In an ideal world, Griffith, Daryl Slusher, and Jackie Goodman would have been able to abstain from votes on term limits and campaign finance restrictions that they're currently wrestling with as candidates, without leaving the council effectively quorum-less. But we ultimately wouldn't have minded if Griffith in fact had voted to repeal the $100 limit, since we, along with many campaign-reform advocates, think the 1997 cure was worse than the disease. (We tend to think all campaign finance cures are worse than the disease -- except, potentially, public financing.) But for her to do so would not, apparently, have been "progressive" -- which is our real focus this week.
On Election Night, we heard more than one variation of the following: "We were really surprised (or worse) that the Chronicle didn't endorse Candidate X (Heckler, Acevedo, either Morales), because he's the progressive." (At least people still think we are "progressive," as implied by their surprise at our choices.) We'll catch the same hell, in triplicate, if (when the time comes) we fail to endorse Griffith. We may quibble whether, say, Dan Morales has any right to the title, but that's beside the point. What does it mean? What is "a progressive"?
We're not contesting the semantic use of "progressive" as a euphemism for "leftist" or alternative to the dreaded "liberal" (and we know full well that many progressives consider themselves left-of-liberal). We're curious, though, as to how "being a progressive" really defines itself on the ground, in actions in office or promises on the campaign trail, in the real-world politics of Austin and Travis County. What would progressives do in a given situation?
For example, last month the Capital Area Metropolitan Planning Organization (CAMPO) board voted to stay its previous objections and move forward with the western leg of SH 45 South. This particular highway is anathema to the Save Our Springs Alliance, and thus to "progressives," for what are quite plausible reasons, but trying to stop it (or, more exactly, delay it) at the largely suburbanized CAMPO board appeared a lost cause. In the end, only three of the 21 members of the CAMPO board voted to delay SH 45 -- Karen Sonleitner, Daryl Slusher, and Will Wynn.
This was even as Sonleitner was being hounded all over the campaign trail by "more progressive" Jeff Heckler. (It was, in fact, the same day we met with them prior to our endorsement of Sonleitner.) Two years ago, Wynn was in the same situation against the "more progressive" Clare Barry. And while Slusher apparently won't face a challenge to his left this time, much of the positioning of Beverly Griffith as a "progressive" has come at his and Jackie Goodman's expense. So what would Heckler, or Barry, or Griffith have done differently if they'd been on the CAMPO board?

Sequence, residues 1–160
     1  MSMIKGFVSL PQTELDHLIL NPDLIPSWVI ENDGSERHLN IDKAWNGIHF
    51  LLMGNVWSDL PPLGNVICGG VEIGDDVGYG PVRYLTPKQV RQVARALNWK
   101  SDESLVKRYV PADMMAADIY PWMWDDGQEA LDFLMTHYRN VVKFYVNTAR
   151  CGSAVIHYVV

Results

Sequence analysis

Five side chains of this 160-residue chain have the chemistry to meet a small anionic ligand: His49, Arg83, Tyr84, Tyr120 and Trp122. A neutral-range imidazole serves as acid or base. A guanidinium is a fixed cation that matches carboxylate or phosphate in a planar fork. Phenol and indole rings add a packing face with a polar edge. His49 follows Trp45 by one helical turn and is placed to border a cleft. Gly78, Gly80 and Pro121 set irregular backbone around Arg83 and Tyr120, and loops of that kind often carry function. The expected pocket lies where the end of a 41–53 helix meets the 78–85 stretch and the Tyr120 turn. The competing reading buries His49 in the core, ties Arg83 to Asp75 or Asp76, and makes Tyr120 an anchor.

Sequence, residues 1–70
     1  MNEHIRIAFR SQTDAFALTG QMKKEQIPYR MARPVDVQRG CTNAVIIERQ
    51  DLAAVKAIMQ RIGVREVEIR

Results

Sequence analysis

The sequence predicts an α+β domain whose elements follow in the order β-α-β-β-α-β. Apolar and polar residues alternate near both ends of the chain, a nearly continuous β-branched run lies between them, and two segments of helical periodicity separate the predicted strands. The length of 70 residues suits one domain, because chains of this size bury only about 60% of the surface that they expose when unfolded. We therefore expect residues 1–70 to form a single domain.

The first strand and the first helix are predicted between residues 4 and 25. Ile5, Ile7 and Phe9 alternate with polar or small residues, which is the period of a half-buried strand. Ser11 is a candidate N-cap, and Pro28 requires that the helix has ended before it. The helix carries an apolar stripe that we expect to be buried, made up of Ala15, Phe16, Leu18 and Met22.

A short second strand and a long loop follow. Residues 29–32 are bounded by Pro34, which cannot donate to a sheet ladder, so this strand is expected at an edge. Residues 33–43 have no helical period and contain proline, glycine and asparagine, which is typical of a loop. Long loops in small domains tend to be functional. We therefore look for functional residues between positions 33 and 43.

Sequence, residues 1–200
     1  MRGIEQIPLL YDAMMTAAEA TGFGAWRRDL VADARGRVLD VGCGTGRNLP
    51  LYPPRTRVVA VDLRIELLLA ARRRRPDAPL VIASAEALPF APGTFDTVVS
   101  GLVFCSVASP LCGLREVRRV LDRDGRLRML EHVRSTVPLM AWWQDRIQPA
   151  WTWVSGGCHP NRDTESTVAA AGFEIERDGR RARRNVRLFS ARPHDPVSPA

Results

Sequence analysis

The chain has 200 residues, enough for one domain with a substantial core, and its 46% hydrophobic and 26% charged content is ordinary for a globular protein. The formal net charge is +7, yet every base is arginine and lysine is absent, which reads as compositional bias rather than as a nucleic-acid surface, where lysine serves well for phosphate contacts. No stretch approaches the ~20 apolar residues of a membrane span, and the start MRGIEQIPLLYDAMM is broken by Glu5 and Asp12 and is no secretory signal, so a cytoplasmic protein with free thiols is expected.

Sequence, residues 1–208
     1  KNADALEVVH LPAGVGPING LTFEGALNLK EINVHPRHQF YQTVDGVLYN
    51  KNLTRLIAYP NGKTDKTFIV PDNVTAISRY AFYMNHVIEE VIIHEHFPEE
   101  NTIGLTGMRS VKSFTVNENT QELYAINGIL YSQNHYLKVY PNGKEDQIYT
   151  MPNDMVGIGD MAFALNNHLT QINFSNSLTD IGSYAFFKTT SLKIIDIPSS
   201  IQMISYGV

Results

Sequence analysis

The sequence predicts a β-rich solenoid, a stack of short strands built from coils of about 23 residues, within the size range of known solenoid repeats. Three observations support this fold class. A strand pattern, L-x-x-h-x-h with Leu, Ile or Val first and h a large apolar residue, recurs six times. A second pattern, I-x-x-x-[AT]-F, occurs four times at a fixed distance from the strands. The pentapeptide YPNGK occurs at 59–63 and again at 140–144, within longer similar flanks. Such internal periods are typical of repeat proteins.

Yes, we realize that detractors will argue that Sonleitner et al. voted as they did because it was a lost cause and thus a safe "progressive" vote, whereas, for example, Sonleitner's unseemly support of the county road bond package last November shows her true stripes. But by that reasoning, since said bonds are targeted toward roads that all exist in the unanimously approved CAMPO transportation plan, does that mean that nobody on the CAMPO board -- which includes people like Ron Davis, Glen Maxey, Ann Kitchen, and Gus Garcia -- is really a "progressive"? (Or that the Austin City Council, which took SH 45 out of its transportation plan, is "progressive" by default?)
Both in her current campaign and in her earlier flirtation with the mayoralty, Griffith has made much of the fact that more than 90% of the initiatives she's sponsored have passed. See, she is a consensus-builder. So why does it seem that her ever-more-devoted following loves her for precisely the opposite reason -- her large and growing reputation as the voice of dissent on this City Council? And more importantly, is her not-going-with-the-flow what makes her more "progressive" than Goodman or Slusher or you or us?
That certainly seems the case with Victor Morales, whose progressive status is made possible not by his record, since he has none, but by his activities as a cultural folk hero. He acts the part. Ron Kirk does not, even though he walloped Morales in our left-of-the-state county, and especially in our left-of-the-county Eastside neighborhood. We don't really disagree that Morales would be a more left-leaning senator than Kirk, whose support in East Austin is, of course, a function of his status as a local boy made very, very good. But if being a "progressive" isn't based on what you do in office, or in who supports you among the electorate, then what is it based on?
Well, presumably on what you think, but we've all seen candidates who make progressive noises about what they think and then fail to deliver. So both as citizens and as soapbox-holders we need something a little more predictive. What might that be? We're sure you'll let us know -- hopefully, before the City Council elections in May.
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